What if extremists come to power in Pakistan who prefer nuclear jihad to sane policies? That is just as improbable. First, however hotly such people might call on others to carry out acts of suicide terrorism, they are in no hurry to set an example.

Second, Pakistan has a powerful army drilled and organized along Western lines, which keeps the radical clergy in check and will never let fanatics make major policy decisions, especially nuclear ones-suffice it to recall the tough action at the Red Mosque.

Can the Pakistani authorities tolerate nukes smuggled out in secret or sold to other countries or non-state actors? That is hardly probable, with the danger it implies for Pakistan. The world's leading powers-terrorists' main targets-will surely launch an armed intervention if things take that turn.

Is there any chance of Pakistani nukes being stolen or accidentally blowing up? Here, the answer is not so clear-the world knows too little about the Pakistani arsenal's storage and maintenance. We have nothing but the reassurances repeatedly coming from the country's leaders.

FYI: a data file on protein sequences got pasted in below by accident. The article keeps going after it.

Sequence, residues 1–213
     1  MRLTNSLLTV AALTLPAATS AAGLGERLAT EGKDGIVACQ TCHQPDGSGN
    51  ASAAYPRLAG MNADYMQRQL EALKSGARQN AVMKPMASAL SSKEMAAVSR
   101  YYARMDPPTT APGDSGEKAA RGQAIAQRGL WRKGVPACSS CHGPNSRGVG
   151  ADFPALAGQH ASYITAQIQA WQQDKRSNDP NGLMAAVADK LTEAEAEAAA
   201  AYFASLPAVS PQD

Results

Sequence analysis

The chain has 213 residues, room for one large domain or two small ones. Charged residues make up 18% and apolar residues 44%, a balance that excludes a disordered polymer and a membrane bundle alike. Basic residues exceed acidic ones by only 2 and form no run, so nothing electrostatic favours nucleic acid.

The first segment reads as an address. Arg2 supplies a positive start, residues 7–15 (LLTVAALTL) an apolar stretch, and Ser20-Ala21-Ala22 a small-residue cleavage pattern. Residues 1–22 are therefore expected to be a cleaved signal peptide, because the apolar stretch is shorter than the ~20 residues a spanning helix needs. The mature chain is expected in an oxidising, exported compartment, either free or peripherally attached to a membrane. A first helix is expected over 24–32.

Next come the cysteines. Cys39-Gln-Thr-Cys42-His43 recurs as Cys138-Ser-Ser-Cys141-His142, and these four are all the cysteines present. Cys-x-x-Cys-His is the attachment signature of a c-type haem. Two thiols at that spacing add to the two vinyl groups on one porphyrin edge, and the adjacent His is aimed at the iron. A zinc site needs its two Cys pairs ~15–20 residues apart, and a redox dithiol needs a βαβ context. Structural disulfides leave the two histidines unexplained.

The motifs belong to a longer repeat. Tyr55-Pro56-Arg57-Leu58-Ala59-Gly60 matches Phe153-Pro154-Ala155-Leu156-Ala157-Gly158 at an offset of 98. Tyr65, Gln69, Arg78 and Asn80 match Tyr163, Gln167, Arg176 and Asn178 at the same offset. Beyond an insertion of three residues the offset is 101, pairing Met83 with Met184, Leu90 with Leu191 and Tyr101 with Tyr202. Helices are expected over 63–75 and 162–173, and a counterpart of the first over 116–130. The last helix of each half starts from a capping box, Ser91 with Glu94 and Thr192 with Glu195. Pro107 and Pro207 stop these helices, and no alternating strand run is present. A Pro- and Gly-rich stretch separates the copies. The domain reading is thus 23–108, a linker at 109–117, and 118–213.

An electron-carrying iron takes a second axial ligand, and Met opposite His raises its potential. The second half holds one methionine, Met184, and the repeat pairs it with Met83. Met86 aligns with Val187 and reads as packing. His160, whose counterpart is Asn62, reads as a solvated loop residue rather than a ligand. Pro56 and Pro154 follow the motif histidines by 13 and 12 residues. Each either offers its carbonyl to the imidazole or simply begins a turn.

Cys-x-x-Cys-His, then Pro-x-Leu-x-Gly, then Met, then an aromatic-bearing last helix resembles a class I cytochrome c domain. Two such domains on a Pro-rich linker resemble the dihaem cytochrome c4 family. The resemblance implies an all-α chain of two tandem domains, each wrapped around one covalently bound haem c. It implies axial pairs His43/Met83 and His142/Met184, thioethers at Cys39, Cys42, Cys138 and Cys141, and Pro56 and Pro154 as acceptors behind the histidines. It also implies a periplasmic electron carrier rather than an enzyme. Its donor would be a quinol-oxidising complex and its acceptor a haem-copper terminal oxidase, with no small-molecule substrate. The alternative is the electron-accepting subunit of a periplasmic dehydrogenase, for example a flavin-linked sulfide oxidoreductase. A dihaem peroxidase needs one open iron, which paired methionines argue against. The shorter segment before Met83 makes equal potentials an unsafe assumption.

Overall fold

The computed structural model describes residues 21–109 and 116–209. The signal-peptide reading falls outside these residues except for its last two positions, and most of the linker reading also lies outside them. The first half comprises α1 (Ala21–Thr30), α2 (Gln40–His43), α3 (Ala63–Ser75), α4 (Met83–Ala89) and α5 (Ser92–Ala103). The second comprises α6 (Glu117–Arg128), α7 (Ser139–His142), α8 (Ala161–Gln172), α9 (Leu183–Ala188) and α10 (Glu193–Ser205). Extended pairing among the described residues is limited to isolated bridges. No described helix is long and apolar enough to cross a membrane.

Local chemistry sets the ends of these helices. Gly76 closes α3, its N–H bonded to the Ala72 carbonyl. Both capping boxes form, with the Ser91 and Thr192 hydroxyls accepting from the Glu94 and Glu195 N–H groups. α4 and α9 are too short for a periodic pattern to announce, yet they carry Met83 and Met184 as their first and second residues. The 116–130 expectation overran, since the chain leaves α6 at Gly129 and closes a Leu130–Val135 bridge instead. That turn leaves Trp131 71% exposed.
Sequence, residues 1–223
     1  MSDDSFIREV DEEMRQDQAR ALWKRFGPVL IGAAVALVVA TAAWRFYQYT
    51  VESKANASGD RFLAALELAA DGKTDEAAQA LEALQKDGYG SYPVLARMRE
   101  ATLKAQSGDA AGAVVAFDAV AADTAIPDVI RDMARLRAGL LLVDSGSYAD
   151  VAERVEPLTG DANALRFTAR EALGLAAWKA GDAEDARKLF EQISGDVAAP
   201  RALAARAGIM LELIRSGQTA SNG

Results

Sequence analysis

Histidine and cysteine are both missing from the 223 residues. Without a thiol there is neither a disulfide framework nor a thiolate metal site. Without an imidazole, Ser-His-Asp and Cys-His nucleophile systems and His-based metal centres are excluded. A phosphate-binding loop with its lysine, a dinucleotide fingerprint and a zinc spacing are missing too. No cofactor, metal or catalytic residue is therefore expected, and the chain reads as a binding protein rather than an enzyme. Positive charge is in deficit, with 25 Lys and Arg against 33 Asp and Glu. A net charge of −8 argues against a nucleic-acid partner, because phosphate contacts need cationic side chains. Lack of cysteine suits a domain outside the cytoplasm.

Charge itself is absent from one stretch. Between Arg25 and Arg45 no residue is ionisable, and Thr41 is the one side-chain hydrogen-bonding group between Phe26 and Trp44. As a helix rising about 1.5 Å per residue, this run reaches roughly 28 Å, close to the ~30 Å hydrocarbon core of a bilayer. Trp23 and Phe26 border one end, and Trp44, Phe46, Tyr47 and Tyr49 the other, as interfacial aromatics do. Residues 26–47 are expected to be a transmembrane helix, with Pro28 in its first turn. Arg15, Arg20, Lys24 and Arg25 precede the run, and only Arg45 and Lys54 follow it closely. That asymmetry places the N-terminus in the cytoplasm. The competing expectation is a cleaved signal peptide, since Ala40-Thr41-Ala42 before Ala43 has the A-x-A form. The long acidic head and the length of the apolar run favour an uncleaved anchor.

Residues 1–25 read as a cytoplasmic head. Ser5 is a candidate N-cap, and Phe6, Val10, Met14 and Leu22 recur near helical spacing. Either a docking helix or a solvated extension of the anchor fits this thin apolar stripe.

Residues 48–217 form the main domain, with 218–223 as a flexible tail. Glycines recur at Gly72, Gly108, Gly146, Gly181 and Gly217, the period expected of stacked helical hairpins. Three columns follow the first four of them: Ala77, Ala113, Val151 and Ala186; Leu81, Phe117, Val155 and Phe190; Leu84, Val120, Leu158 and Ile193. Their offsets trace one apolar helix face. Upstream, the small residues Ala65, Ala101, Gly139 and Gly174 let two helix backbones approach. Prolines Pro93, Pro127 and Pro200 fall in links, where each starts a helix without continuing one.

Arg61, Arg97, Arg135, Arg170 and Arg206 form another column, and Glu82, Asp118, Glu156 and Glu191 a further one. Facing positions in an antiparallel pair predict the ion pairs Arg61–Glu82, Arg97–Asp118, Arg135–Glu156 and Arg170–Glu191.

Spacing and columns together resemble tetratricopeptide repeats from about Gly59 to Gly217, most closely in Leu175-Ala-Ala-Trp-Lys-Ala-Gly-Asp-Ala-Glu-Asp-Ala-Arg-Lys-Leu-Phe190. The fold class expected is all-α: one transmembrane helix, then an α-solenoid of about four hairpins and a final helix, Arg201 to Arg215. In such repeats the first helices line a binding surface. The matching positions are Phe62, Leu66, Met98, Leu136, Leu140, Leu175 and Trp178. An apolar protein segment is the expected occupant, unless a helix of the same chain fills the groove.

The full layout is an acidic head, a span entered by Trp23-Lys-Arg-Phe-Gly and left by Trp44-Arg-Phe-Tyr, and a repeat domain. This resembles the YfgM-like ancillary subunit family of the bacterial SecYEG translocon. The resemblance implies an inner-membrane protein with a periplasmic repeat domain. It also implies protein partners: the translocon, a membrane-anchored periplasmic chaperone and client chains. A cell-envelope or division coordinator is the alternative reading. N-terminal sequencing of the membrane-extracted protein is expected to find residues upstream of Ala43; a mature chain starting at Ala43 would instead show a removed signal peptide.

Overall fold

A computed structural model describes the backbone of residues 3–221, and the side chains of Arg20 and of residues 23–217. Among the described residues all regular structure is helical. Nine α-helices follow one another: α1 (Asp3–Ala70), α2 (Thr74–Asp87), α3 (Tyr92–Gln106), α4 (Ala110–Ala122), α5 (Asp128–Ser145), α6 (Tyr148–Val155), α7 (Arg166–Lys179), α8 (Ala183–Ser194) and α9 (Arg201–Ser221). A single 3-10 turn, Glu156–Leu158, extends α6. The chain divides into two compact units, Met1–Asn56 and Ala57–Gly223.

It is essential to rule out the possibility of nuclear weapons blowing up by accident or being tampered with demand. Otherwise, they will be suicidal weapons and targets for terrorists. The developed nuclear countries have always paid tremendous attention to safety, with sophisticated codes, safety interlocks, and so on, leaving no chance of using stolen weapons or obtaining fissionable substances from them. A unified comprehensive safety network leaves nothing to chance in manufacturing, transporting and stockpiling nuclear arms, to say nothing of decision-making on their use.

What's the situation in Pakistan? That is the crucial question as we assess its nuclear threat. It took the developed countries decades and huge amounts of money to get their safety system going. Such systems demand the latest technologies in many fields of science and production. Pakistan is not known, with any certainty, to possess such technologies.

Pakistan's highly-enriched-uranium weapons are rather simple to handle. So, if stolen, their uranium could be used in homemade explosive devices.